When R&B meets IP: Rihanna stops Top Shop crop tops

Andrew Digwood

Well, alright then, they were t-shirts, but it was too good a title to resist!

The end of July saw the handing down of judgment by Mr Justice Birss in the intellectual property claim brought by R&B singer Rihanna against Arcadia, the company behind the high street "Top Shop" brand.

The ruling was in the singer's favour based on her claim in passing-off against the company.

Top Shop stores had been selling t-shirts bearing an image of the Rihanna based on a photograph which closely resembled one of her album cover images.  They had acted correctly in obtaining a copyright licence from the photographer who had taken the picture, upon which the print was based, but they did not seek Rihanna's consent to the use of her image in this way.

Birss J's judgment underlines the existing legal position in this country (and distinct from other parts of Europe) that celebrities do not have a special and separate "image right" enforceable at law, but that they may in some circumstances rely on the existing legal doctrine of passing-off to prevent the sale of unauthorised items bearing their image.

The leading case along similar lines is from around 10 years ago when the (then) Ferrari Formula 1 driver, Eddie Irvine, successfully brought a claim in passing-off against radio station TalkSport.  The radio station had digitally altered a photograph of Irvine talking on a mobile phone to make it appear that he was holding a portable radio emblazoned with the TalkSport logo.  Irvine claimed that the use of his (commercially valuable) image in this way wrongly implied a connection and endorsement of TalkSport by him, to which he had not consented.

Irvine's case, and Rihanna's, were based in the tort of passing-off and required them to establish the "classic trinity" of passing-off which was established by the case of Reckitt & Colman Products Ltd. v Borden Inc. [1990] (better known as the Jif Lemon case since it centred around the famous lemon juice packaging).  This "trinity" is:

  • The goods or services of the claimant have acquired goodwill or reputation in the marketplace that distinguishes those goods or services from those of competitors;   
  • The defendant has misrepresented their goods or services so that the public may have the impression that the offered goods or services are those of the claimant or are commercially connected to the claimant's business in some way (i.e. confusion is likely to occur); and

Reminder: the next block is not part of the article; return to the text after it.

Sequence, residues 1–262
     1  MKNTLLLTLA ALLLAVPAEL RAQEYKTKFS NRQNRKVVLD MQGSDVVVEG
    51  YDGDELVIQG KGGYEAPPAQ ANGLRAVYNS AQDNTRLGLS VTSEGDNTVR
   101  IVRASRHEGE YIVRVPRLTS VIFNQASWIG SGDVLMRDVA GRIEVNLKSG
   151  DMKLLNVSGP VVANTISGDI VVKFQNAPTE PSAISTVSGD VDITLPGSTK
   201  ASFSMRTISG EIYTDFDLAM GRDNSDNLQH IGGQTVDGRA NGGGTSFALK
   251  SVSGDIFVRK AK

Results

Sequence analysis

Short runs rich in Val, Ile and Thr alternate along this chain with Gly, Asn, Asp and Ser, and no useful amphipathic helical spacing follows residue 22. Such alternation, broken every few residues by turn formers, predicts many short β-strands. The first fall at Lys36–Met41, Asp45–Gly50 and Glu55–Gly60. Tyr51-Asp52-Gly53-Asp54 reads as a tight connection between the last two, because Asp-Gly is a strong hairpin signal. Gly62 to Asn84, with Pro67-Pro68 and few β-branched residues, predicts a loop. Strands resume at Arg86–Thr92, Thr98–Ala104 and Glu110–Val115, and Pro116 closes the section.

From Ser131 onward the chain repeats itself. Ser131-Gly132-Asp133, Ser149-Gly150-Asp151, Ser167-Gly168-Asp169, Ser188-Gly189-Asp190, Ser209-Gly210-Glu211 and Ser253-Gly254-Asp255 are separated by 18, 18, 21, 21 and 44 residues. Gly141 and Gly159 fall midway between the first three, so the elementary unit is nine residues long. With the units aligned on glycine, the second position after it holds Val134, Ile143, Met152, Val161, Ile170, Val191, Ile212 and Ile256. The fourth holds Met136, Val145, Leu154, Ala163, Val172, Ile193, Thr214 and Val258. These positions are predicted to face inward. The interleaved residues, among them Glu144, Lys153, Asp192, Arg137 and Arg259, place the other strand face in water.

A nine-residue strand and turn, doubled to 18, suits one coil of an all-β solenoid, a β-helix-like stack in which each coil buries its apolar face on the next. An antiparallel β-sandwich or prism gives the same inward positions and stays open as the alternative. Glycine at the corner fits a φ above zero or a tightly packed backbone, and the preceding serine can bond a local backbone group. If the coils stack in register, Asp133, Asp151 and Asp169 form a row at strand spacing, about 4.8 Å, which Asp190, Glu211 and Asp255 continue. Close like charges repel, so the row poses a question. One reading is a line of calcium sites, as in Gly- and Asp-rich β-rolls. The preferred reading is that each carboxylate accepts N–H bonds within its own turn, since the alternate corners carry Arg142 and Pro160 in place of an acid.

• The claimant may suffer loss or damage because of this misrepresentation.

Rihanna's lawyers successfully argued that because substantial and valuable goodwill exists in her image (particularly in the image of her as depicted which closely resembled the cover of her album "Talk that Talk"), and because consumers know that, as part of the commercial activities that she undertakes using her image, she officially endorses certain fashion brands and products (she had previously worked with Gucci, and indeed with Top Shop themselves on other products in the past), a substantial number of customers seeing the t-shirts bearing her likeness in Top Shop would assume that these were officially endorsed "Rihanna" products.

In addition, the Judge noted that in terms of the likely loss or damage to Rihanna's commercial interests, there would almost certainly be a loss of sales to her own official merchandising business (which of course does sell products that she endorses to bear her image) as well as a loss of control of her reputation in the sphere of fashion, where she is commercially active.

The Judge was careful to emphasise that the mere sale of a t-shirt bearing an image of a celebrity would not necessarily automatically amount to passing-off, but in these circumstances, and taking account of the commercial uses to which the celebrity in question puts that image and accordingly gathers goodwill in it, Rihanna was entitled to protection via the doctrine of passing-off.

Businesses involved in producing consumer merchandise, particularly clothing, posters, promotional materials, should therefore think carefully before using any images of famous individuals even where they have, as in this case, secured the appropriate rights to the photograph or image itself.  The legal position could well turn on what commercial activities the celebrity themselves has become involved in.

Posted on: 19/08/2013

This article is for general guidance only. It provides useful information in a concise form. Action should not be taken without obtaining specific legal advice.

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